MANILA – They may look like the new boyband on the block but Collabro isn’t just another all-male pop group from the UK.
That was certainly the initial impression of the judges of “Britain’s Got Talent” when five young men auditioned in 2014 just a month after the group was formed. But when they sang “Stars” from “Les Miserables,” all suggestions that Collabro was just another boyband wannabe were quickly dispelled. Singing show tunes from “Les Miz” all the way to finals of the UK search, Collabro eventually won “Britain’s Got Talent” that season and developed an avid fan base of “Collaborators” around the world.
Four years and three albums later, Collabro, now down to four members, is currently on an Asian tour, which includes a stop in the Philippines with a one-night-only concert at Resorts World Manila held Monday night.
Living up to its billing as a “musical theater group,” Michael Auger, Jamie Lambert, Matt Pagan and Tom Redgrave sang mostly show tunes, save for Frank Sinatra’s swinging “That’s Life,” “Come What May” from the movie “Moulin Rouge,” and their first original song “Lighthouse” from its latest album, “Home,” which was being sold at the lobby for P1,000 a pop.
Even with a bare stage with only four stools and pre-recorded accompaniment, Collabro in concert proved to be entertaining, aided by the gorgeous lighting design and effective use of the Resorts Worlds' giant video screen which served as the main backdrop.
Opening with the apt “This is the Moment” from “Jekyll and Hyde,” Collabro is a strange yet delightful hybrid of the tenor groups like Il Divo and Blake and the pop sound of boy bands. That’s because all four members have different vocal styles – Lambert has the more classical trained tenor, Pagan has a style more attuned to musical theater, while Auger and Redgrave have a more pop tone (and appeal).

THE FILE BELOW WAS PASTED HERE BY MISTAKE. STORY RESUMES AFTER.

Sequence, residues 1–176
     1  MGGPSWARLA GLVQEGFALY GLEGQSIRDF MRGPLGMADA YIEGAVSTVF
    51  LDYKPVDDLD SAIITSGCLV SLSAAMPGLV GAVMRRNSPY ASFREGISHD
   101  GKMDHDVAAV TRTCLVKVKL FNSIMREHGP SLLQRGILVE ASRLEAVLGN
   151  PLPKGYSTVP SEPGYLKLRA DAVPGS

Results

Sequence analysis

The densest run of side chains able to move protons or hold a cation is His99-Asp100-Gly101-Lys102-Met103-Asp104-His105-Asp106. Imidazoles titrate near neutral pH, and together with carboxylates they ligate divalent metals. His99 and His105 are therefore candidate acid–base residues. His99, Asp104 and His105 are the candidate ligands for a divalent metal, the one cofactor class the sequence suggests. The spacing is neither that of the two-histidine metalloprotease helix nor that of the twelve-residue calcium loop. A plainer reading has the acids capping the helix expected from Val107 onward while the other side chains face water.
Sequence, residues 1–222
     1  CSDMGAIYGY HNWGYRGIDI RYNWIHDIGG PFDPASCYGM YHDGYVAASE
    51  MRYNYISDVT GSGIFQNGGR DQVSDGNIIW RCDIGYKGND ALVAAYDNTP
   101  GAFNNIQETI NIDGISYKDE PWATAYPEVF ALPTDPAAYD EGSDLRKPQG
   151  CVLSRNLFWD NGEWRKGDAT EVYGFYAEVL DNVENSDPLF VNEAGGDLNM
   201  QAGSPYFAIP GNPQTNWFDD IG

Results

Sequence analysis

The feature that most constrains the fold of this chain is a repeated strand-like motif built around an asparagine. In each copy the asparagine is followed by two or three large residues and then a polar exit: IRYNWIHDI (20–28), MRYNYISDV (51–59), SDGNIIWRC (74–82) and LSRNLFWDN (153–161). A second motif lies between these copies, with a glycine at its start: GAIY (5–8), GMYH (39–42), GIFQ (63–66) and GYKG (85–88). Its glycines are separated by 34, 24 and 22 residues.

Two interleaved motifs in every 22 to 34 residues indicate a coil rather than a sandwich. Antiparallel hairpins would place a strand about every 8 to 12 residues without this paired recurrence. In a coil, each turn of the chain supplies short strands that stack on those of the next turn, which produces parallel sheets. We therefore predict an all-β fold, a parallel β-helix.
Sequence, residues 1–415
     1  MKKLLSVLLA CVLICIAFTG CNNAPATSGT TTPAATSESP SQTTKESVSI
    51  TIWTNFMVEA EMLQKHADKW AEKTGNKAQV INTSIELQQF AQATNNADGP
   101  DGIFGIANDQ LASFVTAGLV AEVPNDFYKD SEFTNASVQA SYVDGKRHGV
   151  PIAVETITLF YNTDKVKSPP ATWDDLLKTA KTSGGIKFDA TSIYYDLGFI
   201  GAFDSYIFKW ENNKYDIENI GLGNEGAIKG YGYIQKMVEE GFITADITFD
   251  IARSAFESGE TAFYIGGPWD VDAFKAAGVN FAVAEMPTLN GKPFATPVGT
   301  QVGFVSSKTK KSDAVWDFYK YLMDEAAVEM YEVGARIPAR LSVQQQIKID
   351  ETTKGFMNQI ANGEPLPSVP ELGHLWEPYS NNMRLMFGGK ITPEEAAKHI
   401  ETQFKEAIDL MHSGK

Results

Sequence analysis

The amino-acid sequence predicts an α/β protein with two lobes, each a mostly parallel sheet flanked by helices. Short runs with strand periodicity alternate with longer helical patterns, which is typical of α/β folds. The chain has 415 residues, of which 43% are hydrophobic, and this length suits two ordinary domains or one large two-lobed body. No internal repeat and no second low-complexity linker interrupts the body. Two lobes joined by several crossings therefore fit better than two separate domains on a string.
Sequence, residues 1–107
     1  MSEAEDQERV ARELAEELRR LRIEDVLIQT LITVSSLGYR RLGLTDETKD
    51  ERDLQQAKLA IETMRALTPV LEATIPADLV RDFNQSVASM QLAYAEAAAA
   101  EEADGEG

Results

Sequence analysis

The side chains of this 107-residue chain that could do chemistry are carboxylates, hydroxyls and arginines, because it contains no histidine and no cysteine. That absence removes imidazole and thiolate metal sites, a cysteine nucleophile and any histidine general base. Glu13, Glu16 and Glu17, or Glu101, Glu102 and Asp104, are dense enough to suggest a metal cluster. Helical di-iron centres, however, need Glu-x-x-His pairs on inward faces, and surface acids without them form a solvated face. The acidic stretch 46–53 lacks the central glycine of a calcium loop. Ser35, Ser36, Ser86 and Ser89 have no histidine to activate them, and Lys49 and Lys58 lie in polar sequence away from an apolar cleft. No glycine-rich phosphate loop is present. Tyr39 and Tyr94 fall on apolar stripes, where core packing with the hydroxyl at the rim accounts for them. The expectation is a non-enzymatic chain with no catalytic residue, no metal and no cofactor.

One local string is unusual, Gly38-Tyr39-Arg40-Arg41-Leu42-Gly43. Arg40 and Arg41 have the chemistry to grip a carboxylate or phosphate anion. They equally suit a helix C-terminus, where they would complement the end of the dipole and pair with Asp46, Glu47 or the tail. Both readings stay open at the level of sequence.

But when the four guys harmonize, that’s when the magic really happens. This isn’t mere Broadway karaoke; Collabro takes these musical showstoppers and rearranges them to specifically suit their kind of crossover sound. Typically, all four members take turns doing solos for the verses in each song then harmonize in the chorus. That’s why even if they take on “Defying Gravity” from “Wicked” or “Send in the Clowns,” they don’t sound awkward at all.
Theater geeks may find the group’s choices of songs rather safe, wholesome and predictable. The only real surprise was “Don’t Rain on My Parade” from “Funny Girl,” which was given a swinging big band rearrangement worthy of Sinatra.
They did the undying “Music of the Night” from “The Phantom of the Opera,” but nicely followed it up with a song from its lesser-known sequel “Love Never Dies.”
Naturally, there were several songs from “Les Miserables,” which Collabro seemed to have mastered. The group was just faultless and affecting in “Bring Him Home,” “Empty Chairs and Empty Tables,” “I Dreamed a Dream” and the closer “Stars.”
But their choice of encore – a suite from “Jersey Boys,” with the four members in red jackets – was a wise touch, allowing the audience to loosen up while still keeping with their image as musical theater guys.
Hopefully Collabro's fans would eventually become theatergoers and support actual musical productions in the future.